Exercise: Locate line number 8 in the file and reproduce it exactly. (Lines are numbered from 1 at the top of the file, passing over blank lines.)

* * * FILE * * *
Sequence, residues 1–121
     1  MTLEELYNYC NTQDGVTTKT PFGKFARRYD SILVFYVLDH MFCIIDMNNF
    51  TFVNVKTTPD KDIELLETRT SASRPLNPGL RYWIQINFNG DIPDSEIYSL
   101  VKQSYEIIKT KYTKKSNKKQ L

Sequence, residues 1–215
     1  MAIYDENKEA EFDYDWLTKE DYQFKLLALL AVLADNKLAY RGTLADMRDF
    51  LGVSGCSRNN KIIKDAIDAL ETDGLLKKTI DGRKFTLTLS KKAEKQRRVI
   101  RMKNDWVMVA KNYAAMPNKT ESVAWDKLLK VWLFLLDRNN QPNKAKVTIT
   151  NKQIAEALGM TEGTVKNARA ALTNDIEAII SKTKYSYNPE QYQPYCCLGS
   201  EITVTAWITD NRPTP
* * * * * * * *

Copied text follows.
   101  RMKNDWVMVA KNYAAMPNKT ESVAWDKLLK VWLFLLDRNN QPNKAKVTIT